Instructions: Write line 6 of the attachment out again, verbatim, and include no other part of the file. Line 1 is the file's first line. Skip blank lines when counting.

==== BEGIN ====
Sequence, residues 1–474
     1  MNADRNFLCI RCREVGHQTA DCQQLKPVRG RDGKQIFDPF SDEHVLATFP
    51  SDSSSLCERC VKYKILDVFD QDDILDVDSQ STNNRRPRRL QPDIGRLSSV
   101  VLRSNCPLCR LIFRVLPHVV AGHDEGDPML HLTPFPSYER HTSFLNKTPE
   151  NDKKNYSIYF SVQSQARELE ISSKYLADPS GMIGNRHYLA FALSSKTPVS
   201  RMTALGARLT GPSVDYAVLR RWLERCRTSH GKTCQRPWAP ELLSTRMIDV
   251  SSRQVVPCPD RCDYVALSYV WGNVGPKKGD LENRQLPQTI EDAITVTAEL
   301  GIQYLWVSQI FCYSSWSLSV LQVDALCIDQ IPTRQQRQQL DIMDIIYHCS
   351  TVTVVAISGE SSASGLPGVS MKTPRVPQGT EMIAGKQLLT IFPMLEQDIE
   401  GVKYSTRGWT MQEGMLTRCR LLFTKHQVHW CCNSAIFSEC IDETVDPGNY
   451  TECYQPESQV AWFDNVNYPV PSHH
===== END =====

   201  RMTALGARLT GPSVDYAVLR RWLERCRTSH GKTCQRPWAP ELLSTRMIDV